Sodium channel kinetic changes that produce Brugada syndrome or progressive cardiac conduction system disease.

TitleSodium channel kinetic changes that produce Brugada syndrome or progressive cardiac conduction system disease.
Publication TypeJournal Article
Year of Publication2007
AuthorsZhang, Z-S, Tranquillo, J, Neplioueva, V, Bursac, N, and Grant, AO
JournalAmerican journal of physiology. Heart and circulatory physiology
Volume292
Issue1
Start PageH399
PaginationH399 - H407
Date Published01/2007
Abstract

Some mutations of the sodium channel gene Na(V1.5) are multifunctional, causing combinations of LQTS, Brugada syndrome and progressive cardiac conduction system disease (PCCD). The combination of Brugada syndrome and PCCD is uncommon, although they both result from a reduction in the sodium current. We hypothesize that slow conduction is sufficient to cause S-T segment elevation and undertook a combined experimental and theoretical study to determine whether conduction slowing alone can produce the Brugada phenotype. Deletion of lysine 1479 in one of two positively charged clusters in the III/IV inter-domain linker causes both syndromes. We have examined the functional effects of this mutation using heterologous expression of the wild-type and mutant sodium channel in HEK-293-EBNA cells. We show that DeltaK1479 shifts the potential of half-activation, V(1/2m), to more positive potentials (V(1/2m) = -36.8 +/- 0.8 and -24.5 +/- 1.3 mV for the wild-type and DeltaK1479 mutant respectively, n = 11, 10). The depolarizing shift increases the extent of depolarization required for activation. The potential of half-inactivation, V(1/2h), is also shifted to more positive potentials (V(1/2h) = -85 +/- 1.1 and -79.4 +/- 1.2 mV for wild-type and DeltaK1479 mutant respectively), increasing the fraction of channels available for activation. These shifts are quantitatively the same as a mutation that produces PCCD only, G514C. We incorporated experimentally derived parameters into a model of the cardiac action potential and its propagation in a one dimensional cable (simulating endo-, mid-myocardial and epicardial regions). The simulations show that action potential and ECG changes consistent with Brugada syndrome may result from conduction slowing alone; marked repolarization heterogeneity is not required. The findings also suggest how Brugada syndrome and PCCD which both result from loss of sodium channel function are sometimes present alone and at other times in combination.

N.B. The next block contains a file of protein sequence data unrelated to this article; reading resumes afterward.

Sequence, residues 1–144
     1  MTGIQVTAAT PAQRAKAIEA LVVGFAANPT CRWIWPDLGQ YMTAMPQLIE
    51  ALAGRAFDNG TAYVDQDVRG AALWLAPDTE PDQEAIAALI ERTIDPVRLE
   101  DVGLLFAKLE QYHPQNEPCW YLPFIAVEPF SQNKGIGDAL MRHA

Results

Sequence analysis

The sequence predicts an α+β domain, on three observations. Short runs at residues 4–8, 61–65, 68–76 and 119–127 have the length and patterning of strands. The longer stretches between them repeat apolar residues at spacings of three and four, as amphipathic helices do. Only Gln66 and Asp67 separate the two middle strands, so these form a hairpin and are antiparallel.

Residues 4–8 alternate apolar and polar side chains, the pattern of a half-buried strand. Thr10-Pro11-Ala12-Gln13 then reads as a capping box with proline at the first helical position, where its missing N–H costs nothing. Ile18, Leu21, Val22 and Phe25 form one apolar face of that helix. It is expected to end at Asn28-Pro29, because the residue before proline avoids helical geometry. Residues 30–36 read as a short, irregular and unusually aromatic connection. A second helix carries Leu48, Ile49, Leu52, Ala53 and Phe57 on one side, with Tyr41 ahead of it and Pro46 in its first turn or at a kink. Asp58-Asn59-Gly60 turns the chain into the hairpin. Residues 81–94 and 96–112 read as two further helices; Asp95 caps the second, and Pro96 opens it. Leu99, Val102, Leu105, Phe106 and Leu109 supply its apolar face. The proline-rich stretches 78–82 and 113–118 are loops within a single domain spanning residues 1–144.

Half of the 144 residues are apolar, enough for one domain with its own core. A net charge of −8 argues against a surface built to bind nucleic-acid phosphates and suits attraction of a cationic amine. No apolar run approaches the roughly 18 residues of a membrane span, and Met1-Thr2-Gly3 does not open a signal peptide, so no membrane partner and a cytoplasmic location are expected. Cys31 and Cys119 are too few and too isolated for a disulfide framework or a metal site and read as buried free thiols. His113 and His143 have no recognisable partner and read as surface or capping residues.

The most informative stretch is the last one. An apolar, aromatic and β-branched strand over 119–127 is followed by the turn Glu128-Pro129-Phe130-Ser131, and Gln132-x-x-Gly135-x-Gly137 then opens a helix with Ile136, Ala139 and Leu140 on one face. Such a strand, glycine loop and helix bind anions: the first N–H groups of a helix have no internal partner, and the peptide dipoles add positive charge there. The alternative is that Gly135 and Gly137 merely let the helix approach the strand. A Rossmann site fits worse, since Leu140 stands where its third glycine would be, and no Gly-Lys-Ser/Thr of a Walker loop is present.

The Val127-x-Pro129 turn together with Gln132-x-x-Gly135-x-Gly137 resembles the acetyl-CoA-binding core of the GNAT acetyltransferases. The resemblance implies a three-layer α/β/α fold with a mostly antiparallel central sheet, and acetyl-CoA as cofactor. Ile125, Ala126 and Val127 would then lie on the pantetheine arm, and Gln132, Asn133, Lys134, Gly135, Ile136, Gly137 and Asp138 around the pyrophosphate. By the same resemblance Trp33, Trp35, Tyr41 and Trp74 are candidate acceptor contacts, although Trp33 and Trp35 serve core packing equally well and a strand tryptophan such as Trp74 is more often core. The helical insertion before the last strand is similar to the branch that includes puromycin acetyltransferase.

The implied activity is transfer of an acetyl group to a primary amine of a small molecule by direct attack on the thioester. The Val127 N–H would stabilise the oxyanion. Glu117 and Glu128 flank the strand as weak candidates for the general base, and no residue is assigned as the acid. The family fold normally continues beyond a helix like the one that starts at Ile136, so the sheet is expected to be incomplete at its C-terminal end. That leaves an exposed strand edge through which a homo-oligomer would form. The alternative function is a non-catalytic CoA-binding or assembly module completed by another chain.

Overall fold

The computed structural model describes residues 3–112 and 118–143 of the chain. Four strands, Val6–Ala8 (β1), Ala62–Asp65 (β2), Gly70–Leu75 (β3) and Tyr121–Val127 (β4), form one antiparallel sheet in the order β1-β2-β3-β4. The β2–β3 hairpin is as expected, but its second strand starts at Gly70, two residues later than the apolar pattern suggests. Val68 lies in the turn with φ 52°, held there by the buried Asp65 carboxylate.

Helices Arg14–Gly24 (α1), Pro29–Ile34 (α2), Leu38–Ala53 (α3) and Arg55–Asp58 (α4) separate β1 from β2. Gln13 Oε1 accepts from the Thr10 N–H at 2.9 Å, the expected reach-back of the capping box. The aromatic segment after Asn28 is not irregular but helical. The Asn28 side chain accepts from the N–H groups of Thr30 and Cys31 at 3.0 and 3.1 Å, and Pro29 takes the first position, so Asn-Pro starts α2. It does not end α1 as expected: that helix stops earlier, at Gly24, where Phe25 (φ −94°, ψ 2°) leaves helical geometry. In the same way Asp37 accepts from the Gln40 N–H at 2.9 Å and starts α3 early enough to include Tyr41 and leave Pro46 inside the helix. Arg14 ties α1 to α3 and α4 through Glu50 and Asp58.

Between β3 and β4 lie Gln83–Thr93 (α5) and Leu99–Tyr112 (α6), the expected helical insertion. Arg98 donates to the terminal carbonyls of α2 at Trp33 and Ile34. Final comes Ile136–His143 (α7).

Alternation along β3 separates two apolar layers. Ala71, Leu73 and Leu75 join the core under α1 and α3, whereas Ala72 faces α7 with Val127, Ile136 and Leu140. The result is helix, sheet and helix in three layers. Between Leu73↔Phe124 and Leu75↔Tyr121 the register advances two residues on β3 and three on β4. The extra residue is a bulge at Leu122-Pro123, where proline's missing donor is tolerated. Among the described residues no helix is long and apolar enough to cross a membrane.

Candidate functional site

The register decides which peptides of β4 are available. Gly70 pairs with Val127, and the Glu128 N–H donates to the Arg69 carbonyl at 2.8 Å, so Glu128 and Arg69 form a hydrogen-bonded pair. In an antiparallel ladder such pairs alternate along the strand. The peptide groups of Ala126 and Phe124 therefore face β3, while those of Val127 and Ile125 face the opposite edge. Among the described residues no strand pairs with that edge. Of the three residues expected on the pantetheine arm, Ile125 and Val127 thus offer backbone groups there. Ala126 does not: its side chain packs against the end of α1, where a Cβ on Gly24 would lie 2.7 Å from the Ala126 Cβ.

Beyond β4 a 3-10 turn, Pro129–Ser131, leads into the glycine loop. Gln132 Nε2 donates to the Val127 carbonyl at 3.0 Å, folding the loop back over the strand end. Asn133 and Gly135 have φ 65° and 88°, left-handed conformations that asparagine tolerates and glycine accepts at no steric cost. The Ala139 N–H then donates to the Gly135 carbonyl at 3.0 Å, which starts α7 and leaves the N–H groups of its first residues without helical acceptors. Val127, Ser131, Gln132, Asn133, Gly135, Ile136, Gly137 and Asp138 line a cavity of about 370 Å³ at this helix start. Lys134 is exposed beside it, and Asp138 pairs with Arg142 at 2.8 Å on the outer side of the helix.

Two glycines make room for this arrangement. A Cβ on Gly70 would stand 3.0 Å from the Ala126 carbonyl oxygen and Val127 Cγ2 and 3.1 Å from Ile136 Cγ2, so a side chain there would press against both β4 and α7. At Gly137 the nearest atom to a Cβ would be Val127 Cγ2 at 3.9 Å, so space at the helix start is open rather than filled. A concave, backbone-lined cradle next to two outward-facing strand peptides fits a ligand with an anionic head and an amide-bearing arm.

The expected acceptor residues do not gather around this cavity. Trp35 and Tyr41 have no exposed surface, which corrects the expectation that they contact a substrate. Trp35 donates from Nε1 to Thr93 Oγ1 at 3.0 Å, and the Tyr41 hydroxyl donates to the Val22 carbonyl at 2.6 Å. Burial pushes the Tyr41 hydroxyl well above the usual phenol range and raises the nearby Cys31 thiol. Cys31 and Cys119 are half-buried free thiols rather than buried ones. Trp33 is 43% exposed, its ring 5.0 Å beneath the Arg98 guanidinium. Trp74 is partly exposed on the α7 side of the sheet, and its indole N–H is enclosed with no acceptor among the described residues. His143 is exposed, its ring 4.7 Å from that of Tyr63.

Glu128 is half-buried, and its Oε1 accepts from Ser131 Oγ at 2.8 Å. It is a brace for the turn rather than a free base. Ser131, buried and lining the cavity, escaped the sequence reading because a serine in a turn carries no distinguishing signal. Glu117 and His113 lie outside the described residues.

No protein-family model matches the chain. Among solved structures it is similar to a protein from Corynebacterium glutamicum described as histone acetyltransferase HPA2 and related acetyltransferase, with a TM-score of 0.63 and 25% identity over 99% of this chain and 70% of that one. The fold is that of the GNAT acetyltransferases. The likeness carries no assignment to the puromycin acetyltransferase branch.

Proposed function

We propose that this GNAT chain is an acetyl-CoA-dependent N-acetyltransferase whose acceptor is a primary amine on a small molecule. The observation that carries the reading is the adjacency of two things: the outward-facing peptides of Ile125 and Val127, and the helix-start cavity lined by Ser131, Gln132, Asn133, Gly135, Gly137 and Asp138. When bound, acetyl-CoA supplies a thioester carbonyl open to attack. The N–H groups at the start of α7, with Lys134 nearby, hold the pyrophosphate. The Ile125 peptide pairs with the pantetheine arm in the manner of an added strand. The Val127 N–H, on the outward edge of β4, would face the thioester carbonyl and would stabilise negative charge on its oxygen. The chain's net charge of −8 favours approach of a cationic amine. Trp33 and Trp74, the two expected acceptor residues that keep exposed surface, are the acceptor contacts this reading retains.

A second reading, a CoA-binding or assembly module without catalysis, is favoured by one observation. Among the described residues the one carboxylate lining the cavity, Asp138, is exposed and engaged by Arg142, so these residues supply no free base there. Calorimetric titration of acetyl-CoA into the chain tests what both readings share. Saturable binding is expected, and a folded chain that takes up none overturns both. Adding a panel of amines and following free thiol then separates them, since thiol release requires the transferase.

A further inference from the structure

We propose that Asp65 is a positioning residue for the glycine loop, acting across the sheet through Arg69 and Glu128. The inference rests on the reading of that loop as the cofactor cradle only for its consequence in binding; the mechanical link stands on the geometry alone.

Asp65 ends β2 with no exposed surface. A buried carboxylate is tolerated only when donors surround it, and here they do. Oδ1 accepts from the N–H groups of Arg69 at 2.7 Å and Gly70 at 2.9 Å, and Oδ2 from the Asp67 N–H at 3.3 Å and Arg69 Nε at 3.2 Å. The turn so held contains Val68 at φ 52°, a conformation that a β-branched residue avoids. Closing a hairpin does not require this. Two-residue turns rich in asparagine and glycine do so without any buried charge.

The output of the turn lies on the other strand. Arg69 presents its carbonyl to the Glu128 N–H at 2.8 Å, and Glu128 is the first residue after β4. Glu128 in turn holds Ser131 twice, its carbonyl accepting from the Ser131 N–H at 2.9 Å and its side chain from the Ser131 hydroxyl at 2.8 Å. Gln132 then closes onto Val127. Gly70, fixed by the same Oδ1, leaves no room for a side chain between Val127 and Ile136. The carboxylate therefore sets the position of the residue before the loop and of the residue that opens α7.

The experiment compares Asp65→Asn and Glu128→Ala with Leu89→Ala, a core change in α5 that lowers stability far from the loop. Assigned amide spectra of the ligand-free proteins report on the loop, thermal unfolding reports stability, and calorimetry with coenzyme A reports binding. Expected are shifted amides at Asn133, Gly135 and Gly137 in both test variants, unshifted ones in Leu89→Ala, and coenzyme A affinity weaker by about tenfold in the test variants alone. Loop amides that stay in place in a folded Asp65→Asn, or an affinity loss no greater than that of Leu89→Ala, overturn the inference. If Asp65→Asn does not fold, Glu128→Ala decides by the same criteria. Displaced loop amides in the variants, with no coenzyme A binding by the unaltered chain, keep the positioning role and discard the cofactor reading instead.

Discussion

DOI10.1152/ajpheart.01025.2005
Short TitleAmerican journal of physiology. Heart and circulatory physiology